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Valve win motion to dismiss in gambling class action suit, but that doesn’t mean it’s over

Valve Anti-Cheat changes

The CS:GO gambling scandal rolls ever onward, with lawsuits now reaching the rulings stage. The first major decision has been made in the combined class action suing of YouTuber TmarTn and Valve by a group of disgruntled players, and it’s a win for Valve. The case has been dismissed at a federal court on jurisdictional grounds. While this doesn’t mean the case is dead, it does require a restructuring from Michael John Mcleod et al.

Last we heard from TmarTn he wasn’t making any more public statements about the case.

The short version is that the federal court decided the RICO elements of the case – i.e. why it was being brought to federal court in the first place – didn’t stand up, and therefore dismissing it. There’s an appeal opportunity to go through, but if that’s unsuccessful it means state courts will have to be used if the plaintiffs want to continue.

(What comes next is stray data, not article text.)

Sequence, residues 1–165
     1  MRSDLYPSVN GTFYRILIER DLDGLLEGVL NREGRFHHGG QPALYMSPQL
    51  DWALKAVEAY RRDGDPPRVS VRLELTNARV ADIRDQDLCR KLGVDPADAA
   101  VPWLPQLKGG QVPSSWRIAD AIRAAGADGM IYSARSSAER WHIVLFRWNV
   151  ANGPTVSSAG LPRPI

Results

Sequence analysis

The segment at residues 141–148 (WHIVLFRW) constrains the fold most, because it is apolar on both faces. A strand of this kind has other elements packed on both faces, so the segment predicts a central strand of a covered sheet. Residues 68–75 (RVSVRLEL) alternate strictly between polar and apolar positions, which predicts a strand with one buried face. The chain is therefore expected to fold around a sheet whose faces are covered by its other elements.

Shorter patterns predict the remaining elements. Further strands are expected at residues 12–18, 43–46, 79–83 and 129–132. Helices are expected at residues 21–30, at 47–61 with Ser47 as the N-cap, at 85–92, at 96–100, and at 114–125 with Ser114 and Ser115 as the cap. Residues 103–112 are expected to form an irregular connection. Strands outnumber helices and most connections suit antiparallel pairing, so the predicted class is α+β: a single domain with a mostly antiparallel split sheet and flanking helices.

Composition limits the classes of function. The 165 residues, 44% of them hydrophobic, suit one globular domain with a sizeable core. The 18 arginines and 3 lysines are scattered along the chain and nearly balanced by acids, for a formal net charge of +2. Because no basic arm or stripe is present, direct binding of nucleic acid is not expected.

The major impacts of this decision are financial. RICO trials have special rules for who pays for the time of lawyers once they’re finished, and mean things could have been a lot cheaper for the side of the case that isn’t multi-national corporations and YouTube superstars. However, as mentioned, the case can continue in other courts if wished.

Rather than try to interpret any further with my minimal knowledge of US federal law, I’ll point you at Bryce Blum’s post on the CS:GO subreddit about the matter. He’s one of the eSports focused lawyers that have been breaking down the legal side of this whole debacle for interested parties over the last few months.